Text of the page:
All of which of course takes place in a fantastic montage set to “Big Rock Candy Mountain” to hilarious effect, half of which is spent by Woody trying to be a wingman and get Archer laid. Once they have all the pieces of the puzzle and Quantum feels he’s successfully broken the hobo code, they once again set out for their final destination. What they don’t know is that Mondostano has planted the grossest mole you’ve ever seen among them and they’re intercepted en route by Mr. Meat and his plantimal brethren. An epic battle ensues aboard their train and things are looking dicey until Armstrong calls his hobo brothers to battle and the tide is turned. Afterward, the boys rest up and enjoy some abomination stew before their destination finally heaves into sight…as well as a fleet of Mondostano choppers full of the bad guys.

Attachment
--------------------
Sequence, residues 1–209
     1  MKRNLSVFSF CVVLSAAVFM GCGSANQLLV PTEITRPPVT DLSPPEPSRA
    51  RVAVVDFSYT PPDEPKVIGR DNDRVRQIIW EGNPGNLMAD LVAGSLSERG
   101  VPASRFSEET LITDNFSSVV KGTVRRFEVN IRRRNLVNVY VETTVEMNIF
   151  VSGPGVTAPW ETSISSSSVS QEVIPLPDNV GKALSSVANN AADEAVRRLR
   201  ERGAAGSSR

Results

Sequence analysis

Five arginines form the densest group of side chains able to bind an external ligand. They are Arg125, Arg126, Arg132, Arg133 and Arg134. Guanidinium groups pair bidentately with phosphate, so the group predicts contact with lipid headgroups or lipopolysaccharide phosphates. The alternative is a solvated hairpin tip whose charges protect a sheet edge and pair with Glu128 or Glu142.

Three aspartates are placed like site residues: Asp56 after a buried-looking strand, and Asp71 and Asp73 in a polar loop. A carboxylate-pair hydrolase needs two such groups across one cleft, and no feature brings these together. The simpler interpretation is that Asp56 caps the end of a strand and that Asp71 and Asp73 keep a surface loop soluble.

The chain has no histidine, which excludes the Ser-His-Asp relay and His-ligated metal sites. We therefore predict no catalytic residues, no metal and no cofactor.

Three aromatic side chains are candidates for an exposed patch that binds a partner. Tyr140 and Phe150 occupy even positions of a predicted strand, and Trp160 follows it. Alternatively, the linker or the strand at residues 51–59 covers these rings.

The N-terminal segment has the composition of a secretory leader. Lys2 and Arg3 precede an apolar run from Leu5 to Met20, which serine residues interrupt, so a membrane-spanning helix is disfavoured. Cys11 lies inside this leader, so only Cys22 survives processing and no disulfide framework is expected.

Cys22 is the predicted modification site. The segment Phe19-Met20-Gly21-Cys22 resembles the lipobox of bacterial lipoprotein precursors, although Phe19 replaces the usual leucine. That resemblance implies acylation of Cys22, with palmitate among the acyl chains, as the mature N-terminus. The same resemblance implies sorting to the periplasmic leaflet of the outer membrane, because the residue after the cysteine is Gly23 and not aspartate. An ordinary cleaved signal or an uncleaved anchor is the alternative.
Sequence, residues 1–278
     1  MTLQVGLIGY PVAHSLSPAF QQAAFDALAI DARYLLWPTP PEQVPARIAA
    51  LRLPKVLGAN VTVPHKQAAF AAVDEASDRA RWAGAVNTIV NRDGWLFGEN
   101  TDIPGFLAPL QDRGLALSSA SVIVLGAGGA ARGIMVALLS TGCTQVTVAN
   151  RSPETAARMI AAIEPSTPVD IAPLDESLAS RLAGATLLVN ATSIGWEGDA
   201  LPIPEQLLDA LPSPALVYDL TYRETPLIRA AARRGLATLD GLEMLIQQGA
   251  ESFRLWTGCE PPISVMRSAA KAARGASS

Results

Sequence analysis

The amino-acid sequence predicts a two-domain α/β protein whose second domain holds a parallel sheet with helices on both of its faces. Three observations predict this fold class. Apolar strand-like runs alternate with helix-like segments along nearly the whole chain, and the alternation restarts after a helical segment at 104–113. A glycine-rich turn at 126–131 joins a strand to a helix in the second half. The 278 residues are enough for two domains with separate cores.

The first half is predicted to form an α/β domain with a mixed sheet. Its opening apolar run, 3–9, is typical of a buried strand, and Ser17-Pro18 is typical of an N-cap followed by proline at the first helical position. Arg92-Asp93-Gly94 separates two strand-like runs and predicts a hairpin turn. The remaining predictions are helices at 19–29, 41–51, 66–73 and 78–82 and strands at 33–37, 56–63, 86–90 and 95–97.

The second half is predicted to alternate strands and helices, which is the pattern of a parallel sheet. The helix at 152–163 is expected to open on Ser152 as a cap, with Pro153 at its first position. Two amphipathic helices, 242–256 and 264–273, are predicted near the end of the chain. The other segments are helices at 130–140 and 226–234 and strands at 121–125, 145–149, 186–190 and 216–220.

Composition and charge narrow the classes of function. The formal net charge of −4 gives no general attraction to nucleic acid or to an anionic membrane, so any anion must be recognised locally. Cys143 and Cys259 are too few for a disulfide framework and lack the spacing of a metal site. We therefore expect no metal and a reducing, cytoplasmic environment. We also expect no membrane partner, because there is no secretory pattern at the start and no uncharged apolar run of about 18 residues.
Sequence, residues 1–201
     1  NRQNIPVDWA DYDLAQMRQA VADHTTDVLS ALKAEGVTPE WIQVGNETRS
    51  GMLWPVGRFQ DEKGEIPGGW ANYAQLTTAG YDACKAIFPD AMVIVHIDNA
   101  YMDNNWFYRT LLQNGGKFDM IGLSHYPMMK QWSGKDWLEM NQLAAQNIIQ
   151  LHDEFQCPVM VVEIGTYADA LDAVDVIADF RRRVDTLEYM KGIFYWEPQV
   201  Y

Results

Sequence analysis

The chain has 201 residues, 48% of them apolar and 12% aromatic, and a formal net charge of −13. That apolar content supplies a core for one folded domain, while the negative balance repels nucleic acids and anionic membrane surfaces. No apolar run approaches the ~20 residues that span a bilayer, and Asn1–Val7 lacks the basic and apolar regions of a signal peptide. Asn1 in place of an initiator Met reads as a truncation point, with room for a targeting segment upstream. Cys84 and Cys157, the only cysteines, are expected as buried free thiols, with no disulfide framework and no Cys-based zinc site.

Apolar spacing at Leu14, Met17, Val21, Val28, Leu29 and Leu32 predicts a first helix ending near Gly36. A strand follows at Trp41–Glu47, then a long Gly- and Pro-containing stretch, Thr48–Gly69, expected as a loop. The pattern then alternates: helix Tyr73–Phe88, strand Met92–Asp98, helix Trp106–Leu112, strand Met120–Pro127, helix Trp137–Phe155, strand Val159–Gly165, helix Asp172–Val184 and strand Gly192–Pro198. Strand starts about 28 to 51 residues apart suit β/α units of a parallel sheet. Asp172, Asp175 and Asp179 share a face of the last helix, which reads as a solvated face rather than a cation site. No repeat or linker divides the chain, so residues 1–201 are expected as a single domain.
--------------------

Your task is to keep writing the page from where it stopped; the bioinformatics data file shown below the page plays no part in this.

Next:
Yet another side-splitting chapter in the tale of The Delinquents and their journey of the ass-map is in the bag with only more remaining. I’ll be sad to this particular miniseries end as it’s been non-stop fun and laughs since page one in a way only possible by joining these two dysfunctional duos. With Archer more or less out of commission as he finds himself with the debauched aid of Woody, Armstrong finds himself in a new and disturbing place, that of the voice of reason. But he vows to straighten up and pull it together for the sake of his little buddy and all the hobos who have entrusted him with their fates. With only one issue remaining, it’s sure to be chock-full of funny to help this one go out with a bang so make sure you’re back here next month for the action and laugh packed conclusion of The Delinquents.